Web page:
This is not unreadable because of foul language. It is not unreadable because of disgusting imagery. It is unreadable, because it is incomprehensible. 35 pages. Looking at over 700 more! No way, my friend! So this fella gets a hard-on when he sees or nears a V rocket! Really? So many books, so little time. Not enough time to waste on this labyrinth. If you like James Joyce, go for it!
Bibliosophical More than 1 year ago
I ordered this book for a project I'm doing on postmodernism and I have not been disappointed. This book is funny, exciting, confusing (as with any postmodern piece really), and fantastic. I highly recommend it for any fan of postmodernism.
Guest More than 1 year ago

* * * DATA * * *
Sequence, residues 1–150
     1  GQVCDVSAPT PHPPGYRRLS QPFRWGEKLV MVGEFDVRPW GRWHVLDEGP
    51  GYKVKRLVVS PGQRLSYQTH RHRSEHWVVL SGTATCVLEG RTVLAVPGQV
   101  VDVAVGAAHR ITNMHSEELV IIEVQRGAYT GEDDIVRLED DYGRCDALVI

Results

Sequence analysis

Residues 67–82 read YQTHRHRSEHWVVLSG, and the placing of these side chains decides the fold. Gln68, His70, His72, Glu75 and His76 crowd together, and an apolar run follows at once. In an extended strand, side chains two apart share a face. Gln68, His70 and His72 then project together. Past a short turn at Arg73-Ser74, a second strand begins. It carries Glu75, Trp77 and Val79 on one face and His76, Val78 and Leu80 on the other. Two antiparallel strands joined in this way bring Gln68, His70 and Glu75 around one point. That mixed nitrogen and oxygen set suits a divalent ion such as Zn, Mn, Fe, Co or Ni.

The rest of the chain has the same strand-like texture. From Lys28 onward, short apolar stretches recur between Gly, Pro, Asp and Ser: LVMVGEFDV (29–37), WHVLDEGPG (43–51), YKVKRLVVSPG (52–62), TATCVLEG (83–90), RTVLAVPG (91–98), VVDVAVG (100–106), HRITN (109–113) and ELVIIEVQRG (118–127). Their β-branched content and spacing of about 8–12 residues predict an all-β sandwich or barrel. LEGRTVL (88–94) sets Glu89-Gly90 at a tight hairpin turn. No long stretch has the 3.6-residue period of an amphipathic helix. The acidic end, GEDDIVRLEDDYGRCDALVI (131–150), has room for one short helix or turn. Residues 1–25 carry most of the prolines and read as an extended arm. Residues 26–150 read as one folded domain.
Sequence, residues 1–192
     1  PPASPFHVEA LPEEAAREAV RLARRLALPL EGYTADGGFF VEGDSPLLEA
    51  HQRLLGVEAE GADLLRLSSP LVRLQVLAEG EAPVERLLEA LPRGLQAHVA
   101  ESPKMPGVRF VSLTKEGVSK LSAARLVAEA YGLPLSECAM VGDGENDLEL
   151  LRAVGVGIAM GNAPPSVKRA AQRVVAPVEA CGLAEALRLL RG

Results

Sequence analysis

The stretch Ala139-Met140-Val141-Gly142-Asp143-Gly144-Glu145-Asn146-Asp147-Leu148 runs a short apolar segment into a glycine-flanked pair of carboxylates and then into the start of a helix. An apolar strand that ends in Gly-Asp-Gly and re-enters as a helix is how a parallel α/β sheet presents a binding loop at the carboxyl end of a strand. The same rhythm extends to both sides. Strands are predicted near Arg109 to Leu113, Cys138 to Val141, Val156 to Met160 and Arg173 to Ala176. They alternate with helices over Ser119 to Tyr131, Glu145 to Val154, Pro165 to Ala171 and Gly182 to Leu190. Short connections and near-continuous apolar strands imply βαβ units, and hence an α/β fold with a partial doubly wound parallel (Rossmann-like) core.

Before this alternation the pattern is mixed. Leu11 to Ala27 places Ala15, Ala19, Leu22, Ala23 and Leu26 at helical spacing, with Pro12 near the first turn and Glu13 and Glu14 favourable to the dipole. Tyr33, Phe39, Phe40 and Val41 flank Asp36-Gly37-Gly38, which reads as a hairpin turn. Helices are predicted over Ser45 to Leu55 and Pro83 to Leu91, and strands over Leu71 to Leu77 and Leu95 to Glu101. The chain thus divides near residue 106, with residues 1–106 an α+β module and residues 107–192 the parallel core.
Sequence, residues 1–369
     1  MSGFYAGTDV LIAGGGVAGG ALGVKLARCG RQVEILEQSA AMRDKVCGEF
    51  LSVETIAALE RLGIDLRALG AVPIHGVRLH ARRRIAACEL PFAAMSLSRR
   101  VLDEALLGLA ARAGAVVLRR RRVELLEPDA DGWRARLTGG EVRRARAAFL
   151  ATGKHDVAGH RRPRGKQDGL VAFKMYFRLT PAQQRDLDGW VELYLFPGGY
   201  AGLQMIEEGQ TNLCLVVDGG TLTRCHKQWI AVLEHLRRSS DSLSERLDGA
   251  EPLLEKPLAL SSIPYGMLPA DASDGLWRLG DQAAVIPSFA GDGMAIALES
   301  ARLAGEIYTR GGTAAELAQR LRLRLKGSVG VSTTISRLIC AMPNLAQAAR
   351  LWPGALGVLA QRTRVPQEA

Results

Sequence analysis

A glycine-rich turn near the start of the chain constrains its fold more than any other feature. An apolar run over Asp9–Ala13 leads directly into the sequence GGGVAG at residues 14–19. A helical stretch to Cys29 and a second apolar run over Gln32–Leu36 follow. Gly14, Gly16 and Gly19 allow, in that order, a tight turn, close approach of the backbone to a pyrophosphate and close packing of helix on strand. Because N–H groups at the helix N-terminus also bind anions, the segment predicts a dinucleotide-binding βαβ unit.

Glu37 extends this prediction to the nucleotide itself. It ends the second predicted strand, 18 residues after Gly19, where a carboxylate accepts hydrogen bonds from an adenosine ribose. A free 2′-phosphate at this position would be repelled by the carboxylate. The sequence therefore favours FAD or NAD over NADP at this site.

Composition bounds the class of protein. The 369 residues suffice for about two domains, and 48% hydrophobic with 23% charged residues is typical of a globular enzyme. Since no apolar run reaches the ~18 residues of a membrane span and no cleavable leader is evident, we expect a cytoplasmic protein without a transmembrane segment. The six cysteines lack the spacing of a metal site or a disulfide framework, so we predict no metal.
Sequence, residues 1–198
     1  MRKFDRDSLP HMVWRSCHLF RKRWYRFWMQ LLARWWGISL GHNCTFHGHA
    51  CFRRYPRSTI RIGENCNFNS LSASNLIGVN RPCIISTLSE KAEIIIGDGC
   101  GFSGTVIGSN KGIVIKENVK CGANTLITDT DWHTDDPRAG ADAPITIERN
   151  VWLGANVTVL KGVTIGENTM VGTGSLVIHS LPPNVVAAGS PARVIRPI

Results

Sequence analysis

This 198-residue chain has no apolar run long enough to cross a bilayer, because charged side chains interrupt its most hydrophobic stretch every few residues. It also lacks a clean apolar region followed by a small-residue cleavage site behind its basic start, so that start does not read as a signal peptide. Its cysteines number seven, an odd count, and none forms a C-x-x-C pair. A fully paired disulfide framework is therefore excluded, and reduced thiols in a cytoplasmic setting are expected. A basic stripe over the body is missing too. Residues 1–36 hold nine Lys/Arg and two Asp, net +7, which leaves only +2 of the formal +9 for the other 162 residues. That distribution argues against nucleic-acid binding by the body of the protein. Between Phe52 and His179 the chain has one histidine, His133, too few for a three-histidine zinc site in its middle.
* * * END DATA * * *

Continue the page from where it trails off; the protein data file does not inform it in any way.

From the beginning one is drawn in to the story's world mystified at first, then laughing, then intent, then baffled, and from there, in a word - awed. And don't be misled - the book is extremely enjoyable and readable. Only if one were to take it seriously would it wear on one's brain. Gravity's Rainbow would have found little favor with Plato, and I don't think it would be on many religious study groups' recommended reading lists. There is much in it which offends and disappoints, so much depravity, so much truth, normally tucked away neatly hidden in our subconsciouses - but Mr. Pynchon is completely unabashed about bringing it to the surface. That he can and does put it into words is what amazed me while reading the book. Gravity's Rainbow, story and all, is more a macrocosmos than a story, a macrocosmos which the author magnifies, sometimes randomly it seems, offering mad glimpses both into beautiful things we would be glad to linger on, and disturbing things we are socially indoctrinated to shy away from. I don't think the purpose of the story is to tell a story so much as to portray the world - it just happens that the figures of Tyrone Slothrop and company provide the best medium. This complex, mystifying world is viewed from a million different angles, explained a million different ways, experienced, understood, comprehended, rightly or wrongly according to theories and feelings which may be ages old, forgotten, current, disgusting, racist, inclusive, ordinary, bizarre, and incomprehensible; remarkably, there is sense to it, but it is naturally impossible to follow at times, like trying to understand or explain the world. People can sometimes deal with their own worlds, but if they were to begin receiving simultaneous sensory input from another's sensory organs besides just their own, they would begin to see just how hard it can be to keep track of things, and respect Thomas Pynchon all the more for what he is able to do with his writing.